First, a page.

Brandon, population 21, lies three hours southeast of Denver. It’s a speck of a place amid Colorado’s Southeastern Plains as they reach toward Kansas.
On the afternoon of April 9, a shooting there rattled Kiowa County more than any news story had in the 90 years since three robbery suspects ambushed, shot and killed Deputy Sheriff Coral Hickman in 1930.
But this time, officers killed a civilian. Kiowa County’s Undersheriff Tracy Weisenhorn and Deputy Sheriff Quinten Stump – both new to the sheriff’s department and community – had stopped a truck in which Zach Gifford, 39, was a passenger. The autopsy report shows they roughed up and tasered the well-known and well-liked, 126-pound lifelong area resident. And they killed him when both, it seems, shot him in the back.
Their boss, Sheriff Casey Sheridan, has not explained to the local paper, the Kiowa County Independent how a traffic stop led to the homicide of the former high school basketball coach’s son who had his struggles, but was known for showing up to mow the lawns or tend the gardens of the sick, grieving or elderly, and quietly leaving before he could be thanked. Nor has the sheriffs department in nearby Prowers County, which investigated the shooting, nor the Colorado Bureau of Investigation (CBI), which helped with the probe, disclosed any information.
Four and a half months later, officials have refused to release so much as an incident report on Gifford’s homicide. Rather than deciding whether to prosecute the two officers, the district attorney is empaneling a grand jury to make that call for him. In the meantime, the paper keeps getting stonewalled.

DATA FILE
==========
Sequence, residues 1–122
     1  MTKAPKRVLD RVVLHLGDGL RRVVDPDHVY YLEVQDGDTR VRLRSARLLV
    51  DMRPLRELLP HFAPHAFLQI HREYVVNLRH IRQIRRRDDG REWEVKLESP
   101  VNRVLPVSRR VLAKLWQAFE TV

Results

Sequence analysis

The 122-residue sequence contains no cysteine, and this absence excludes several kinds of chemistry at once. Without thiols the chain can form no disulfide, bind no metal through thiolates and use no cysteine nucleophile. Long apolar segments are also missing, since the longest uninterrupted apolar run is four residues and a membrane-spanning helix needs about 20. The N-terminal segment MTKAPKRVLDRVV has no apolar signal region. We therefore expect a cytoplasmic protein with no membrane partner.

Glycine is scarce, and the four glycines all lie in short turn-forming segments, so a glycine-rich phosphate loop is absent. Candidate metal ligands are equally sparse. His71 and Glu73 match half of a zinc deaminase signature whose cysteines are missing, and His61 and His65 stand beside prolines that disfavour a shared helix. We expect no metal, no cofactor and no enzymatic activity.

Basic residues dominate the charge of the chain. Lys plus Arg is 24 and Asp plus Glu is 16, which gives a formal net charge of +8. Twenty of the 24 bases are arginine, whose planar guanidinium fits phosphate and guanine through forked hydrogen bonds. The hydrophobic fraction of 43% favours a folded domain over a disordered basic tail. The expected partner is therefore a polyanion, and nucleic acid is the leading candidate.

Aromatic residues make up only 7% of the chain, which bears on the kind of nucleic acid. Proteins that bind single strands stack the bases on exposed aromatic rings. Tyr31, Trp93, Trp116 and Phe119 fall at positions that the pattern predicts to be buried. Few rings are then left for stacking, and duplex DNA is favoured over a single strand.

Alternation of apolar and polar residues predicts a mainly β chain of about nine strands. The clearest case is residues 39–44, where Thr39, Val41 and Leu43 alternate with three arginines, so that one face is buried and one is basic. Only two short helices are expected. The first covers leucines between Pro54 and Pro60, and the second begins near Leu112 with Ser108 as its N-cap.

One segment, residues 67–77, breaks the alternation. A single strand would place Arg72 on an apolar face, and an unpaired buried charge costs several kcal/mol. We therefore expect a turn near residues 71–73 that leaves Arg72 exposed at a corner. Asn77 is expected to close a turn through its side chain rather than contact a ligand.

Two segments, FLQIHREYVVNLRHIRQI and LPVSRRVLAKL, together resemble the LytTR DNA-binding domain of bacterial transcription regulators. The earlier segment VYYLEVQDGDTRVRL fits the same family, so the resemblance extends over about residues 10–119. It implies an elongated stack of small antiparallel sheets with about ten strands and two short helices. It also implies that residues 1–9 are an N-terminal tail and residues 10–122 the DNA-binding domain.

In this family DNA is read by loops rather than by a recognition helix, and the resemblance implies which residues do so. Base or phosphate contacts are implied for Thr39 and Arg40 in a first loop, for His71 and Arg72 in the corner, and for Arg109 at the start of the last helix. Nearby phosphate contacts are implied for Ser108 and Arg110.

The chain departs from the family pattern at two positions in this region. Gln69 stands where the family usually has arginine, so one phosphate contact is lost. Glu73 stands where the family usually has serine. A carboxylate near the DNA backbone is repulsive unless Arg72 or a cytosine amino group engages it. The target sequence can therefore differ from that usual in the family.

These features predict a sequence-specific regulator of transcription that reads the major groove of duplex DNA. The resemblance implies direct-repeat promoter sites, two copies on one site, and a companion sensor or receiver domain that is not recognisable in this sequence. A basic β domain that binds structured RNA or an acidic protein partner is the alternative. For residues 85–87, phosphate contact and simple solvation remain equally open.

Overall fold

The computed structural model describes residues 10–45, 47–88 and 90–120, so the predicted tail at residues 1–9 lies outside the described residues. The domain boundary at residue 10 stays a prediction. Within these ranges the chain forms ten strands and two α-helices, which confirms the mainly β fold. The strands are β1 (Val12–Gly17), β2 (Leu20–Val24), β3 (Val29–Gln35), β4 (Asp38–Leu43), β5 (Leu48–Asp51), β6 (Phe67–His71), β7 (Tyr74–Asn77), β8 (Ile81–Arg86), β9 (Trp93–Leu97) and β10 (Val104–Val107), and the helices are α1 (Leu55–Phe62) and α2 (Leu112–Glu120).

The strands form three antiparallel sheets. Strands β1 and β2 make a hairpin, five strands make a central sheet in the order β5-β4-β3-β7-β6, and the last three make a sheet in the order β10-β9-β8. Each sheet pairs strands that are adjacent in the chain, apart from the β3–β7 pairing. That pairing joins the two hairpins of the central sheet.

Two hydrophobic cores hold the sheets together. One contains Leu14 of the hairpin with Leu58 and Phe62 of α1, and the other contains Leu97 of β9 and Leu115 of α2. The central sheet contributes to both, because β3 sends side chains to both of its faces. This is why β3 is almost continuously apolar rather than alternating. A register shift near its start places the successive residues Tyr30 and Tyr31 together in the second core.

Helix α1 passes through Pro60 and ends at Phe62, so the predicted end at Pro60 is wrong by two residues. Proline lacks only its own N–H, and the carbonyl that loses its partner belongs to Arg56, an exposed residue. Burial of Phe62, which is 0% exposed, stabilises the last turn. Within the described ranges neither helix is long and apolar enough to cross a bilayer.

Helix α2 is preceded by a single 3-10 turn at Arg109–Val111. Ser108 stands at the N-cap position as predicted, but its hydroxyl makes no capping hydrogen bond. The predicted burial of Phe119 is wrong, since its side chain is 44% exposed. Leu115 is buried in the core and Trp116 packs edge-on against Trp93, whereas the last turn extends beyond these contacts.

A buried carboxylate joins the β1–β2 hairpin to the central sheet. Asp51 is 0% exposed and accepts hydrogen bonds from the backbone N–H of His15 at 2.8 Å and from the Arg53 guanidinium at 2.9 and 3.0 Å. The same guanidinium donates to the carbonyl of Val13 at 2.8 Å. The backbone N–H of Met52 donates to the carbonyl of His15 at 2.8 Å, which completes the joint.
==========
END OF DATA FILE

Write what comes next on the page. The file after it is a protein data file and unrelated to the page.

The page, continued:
“Nothing but silence,” says Kiowa County Independent Publisher Betsy Barnett, who used to be Gifford’s high school principal.
“There has been virtually no information, no transparency on why they killed Zach,” adds Editor Priscilla Waggoner, who also knew Gifford, having given him rides occasionally and chatted about life in Eads, the 700-person county seat where he grew up. She moved there seven years ago to be near her brother, the county’s only doctor, who died shortly after.
Waggoner, a former screenwriter, is a second-career journalist with natural news instincts. You can feel her curiosity over the phone. She was on the scene after Gifford died and reached out to me a few days later for advice on how to report about an officer-involved killing.
Over the last four months, she has carpet-bombed officials with questions about the homicide and the two officers involved, who are on paid leave. Her questions keep going unanswered by law enforcement, and the people of Kiowa County are as frustrated as she and Barnett about the silence.
This is the kind reporting challenge for which COLab was created, bringing together the strengths and sourcing of local journalists with those of experienced investigative journalists in the name of accountability and transparency. The three of us have agreed to step up the inquiries and, if necessary, take legal action to obtain what should be public information about Gifford’s death. Our investigation, when complete, will run in the Kiowa County Independent, on our site and in news outlets throughout Colorado. Please stay tuned.
By working together, journalists can make sure questions about police killings are answered and public officials in even the quietest corners of our state are held to account.
This post originally was published as a letter from Susan to our email subscribers on Friday, Aug. 28, 2020. To join our email list, just click here.